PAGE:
Canned fruit is a popular snack that has been popular in the U.S. for years.
It’s served in a variety of ways, but most people know it as a salad dressing, which is the ingredient that most often comes in cans.
The canned fruit industry has been in trouble for a while, however, and now a California court is considering whether it should be required to label all of its fruit.
California’s lawsuit against Kraft, which owns Can Am, has been around since last year, but the latest round of hearings began in late June, and they will last until the end of August.
The case centers around Kraft’s refusal to label canned fruit as a “salad dressing” in the same way that it labels other items.
According to the lawsuit, Kraft’s unwillingness to label its canned fruit products as such is “an egregious violation of California consumer protection law.”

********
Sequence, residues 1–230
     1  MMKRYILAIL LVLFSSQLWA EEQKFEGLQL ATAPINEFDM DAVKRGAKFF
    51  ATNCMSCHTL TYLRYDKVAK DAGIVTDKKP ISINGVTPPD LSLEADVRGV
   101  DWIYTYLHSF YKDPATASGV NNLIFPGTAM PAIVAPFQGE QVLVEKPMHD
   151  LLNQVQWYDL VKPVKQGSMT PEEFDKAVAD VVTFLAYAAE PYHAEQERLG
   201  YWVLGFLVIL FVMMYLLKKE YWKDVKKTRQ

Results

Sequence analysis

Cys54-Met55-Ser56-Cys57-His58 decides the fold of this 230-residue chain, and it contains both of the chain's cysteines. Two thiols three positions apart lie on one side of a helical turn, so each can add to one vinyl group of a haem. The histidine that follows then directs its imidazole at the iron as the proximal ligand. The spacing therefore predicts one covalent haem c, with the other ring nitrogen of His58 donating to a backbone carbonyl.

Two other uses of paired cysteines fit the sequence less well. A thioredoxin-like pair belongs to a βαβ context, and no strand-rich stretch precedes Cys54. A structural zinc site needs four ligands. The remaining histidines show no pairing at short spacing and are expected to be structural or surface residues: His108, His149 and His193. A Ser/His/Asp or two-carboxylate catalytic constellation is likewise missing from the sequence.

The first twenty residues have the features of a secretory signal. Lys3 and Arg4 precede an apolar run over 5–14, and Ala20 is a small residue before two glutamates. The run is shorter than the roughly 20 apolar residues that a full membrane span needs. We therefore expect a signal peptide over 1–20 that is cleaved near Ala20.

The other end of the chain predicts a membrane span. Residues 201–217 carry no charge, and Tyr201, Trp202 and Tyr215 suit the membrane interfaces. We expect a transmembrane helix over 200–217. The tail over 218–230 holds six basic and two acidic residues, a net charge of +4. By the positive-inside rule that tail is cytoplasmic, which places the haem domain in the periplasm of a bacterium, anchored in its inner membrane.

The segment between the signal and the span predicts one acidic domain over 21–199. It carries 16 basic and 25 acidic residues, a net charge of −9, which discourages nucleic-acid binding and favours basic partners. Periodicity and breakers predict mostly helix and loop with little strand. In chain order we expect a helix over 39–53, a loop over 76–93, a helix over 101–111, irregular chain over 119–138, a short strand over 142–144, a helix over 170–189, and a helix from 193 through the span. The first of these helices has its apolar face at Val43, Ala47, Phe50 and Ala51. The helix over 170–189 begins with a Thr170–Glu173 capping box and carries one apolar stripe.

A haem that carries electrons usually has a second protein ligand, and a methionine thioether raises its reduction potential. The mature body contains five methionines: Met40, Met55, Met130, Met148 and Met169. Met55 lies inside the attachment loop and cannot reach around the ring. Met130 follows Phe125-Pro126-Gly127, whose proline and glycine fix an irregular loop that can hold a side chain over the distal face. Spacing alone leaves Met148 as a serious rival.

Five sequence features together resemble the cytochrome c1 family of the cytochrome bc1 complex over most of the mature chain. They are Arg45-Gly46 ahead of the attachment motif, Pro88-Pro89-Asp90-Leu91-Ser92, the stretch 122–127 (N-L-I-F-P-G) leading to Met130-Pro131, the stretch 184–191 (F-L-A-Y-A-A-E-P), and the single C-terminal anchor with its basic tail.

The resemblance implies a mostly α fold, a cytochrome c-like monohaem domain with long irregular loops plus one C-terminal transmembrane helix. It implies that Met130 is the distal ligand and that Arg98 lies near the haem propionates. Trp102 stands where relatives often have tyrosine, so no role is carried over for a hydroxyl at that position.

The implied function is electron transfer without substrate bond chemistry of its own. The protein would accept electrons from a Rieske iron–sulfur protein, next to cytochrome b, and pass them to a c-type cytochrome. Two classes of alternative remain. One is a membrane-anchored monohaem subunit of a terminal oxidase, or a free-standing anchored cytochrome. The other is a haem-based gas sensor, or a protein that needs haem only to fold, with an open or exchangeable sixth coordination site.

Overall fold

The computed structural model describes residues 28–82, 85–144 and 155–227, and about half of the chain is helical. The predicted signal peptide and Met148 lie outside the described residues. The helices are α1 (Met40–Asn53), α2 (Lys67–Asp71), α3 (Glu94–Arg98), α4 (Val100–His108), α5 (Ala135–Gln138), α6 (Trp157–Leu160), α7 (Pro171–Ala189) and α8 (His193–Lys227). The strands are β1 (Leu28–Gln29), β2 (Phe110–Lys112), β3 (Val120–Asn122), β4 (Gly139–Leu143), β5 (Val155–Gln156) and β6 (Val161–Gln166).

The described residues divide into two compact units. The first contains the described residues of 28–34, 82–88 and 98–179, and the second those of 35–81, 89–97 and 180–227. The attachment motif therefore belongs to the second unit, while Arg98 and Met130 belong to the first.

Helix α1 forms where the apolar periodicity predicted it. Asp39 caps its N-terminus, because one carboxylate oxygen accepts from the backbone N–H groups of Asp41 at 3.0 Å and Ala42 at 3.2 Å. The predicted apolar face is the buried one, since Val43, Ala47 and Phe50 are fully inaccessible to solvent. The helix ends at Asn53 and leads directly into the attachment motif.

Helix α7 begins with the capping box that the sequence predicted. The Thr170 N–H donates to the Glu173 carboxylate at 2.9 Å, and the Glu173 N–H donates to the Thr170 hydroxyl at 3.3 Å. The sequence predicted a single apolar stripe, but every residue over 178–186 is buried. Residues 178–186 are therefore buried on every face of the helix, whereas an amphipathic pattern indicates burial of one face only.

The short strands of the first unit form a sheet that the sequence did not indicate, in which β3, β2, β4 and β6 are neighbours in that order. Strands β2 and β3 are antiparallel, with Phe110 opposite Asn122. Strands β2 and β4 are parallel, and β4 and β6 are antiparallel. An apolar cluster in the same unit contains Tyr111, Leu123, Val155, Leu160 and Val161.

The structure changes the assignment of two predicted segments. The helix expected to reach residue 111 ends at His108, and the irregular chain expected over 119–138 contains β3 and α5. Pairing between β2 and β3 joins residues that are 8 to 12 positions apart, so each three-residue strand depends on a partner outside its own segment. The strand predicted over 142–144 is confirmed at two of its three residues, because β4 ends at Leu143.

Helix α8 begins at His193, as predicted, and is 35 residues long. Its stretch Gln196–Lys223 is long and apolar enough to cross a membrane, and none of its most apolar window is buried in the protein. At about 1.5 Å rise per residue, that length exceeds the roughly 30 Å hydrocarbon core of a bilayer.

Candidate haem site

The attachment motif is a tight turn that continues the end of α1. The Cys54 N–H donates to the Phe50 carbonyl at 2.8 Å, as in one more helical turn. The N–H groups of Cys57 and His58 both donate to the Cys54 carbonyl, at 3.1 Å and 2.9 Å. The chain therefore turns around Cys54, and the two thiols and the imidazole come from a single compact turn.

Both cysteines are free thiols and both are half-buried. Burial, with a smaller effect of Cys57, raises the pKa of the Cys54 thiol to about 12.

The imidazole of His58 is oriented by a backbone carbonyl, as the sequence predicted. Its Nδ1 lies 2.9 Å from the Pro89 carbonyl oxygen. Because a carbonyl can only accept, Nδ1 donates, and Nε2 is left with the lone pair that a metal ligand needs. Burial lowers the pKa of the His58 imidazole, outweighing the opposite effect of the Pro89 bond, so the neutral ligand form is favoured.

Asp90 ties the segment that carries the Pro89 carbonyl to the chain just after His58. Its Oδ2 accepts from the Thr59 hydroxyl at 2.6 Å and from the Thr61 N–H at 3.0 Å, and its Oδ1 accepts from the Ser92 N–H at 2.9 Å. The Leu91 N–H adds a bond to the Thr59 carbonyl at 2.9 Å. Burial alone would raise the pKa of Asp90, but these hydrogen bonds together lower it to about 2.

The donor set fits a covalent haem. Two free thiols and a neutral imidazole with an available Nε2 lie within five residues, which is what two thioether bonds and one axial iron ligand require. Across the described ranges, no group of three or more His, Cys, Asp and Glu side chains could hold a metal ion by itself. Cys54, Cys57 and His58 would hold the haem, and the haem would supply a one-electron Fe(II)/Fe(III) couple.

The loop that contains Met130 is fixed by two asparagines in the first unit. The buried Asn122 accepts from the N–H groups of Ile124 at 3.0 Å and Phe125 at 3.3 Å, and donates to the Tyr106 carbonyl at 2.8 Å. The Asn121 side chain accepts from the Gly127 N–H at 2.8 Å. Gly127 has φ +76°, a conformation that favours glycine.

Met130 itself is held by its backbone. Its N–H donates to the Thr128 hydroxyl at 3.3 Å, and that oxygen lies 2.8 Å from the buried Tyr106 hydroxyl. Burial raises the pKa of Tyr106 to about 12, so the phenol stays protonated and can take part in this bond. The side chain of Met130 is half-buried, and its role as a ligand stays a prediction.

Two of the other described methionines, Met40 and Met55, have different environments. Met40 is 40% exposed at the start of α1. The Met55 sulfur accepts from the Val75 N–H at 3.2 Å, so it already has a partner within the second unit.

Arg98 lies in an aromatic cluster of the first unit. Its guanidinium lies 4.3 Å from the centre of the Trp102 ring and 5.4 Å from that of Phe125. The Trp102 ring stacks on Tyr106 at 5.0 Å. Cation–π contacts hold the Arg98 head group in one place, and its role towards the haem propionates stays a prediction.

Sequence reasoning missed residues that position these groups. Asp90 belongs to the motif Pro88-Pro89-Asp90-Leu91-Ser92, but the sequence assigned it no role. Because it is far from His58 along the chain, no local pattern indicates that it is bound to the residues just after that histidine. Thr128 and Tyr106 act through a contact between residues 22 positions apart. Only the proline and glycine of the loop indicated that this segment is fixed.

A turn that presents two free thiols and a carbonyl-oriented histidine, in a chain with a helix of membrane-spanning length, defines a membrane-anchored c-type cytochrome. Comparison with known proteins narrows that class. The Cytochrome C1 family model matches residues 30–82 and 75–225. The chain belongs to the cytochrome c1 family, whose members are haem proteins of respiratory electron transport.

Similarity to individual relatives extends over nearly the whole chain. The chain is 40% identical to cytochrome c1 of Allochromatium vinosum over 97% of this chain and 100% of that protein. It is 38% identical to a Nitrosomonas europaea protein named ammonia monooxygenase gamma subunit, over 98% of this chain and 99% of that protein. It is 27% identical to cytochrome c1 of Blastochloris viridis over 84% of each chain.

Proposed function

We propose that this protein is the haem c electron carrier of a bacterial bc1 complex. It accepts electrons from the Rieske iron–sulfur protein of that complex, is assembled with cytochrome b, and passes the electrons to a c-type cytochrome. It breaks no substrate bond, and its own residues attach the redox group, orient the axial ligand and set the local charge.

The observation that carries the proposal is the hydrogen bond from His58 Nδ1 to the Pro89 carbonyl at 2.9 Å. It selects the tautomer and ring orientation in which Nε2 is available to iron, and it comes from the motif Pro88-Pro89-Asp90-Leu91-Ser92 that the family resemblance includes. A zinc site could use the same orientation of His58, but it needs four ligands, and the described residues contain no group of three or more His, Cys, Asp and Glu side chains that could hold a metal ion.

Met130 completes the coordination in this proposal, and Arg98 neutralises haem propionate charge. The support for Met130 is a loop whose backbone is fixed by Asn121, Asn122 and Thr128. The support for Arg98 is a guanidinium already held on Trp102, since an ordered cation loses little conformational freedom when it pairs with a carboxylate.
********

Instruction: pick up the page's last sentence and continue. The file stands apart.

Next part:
The complaint asks the court to issue a permanent injunction requiring Kraft to remove all canned fruit from its shelves.
The lawsuit also requests that the state consider mandatory labeling for all canned fruits.
The state’s lawsuit argues that the lack of labeling for canned fruit is an unfair trade practice and that the federal government has already required labeling for a number of other products, including ice cream and meat.
“Kraft has not only failed to protect consumers from their ‘pre-packaged’ food products but has also created a climate of fear and mistrust in the marketplace,” state attorney general Xavier Becerra said in a statement.
“Consumers are increasingly fearful about foodborne illnesses and the spread of disease, and have shown that they are willing to pay for that fear.
It is time for the U to follow the lead of California and require that all products be labeled as such.”
Kraft told the Washington Post last year that its canned food products would only be labeled “salads” if it received government approval.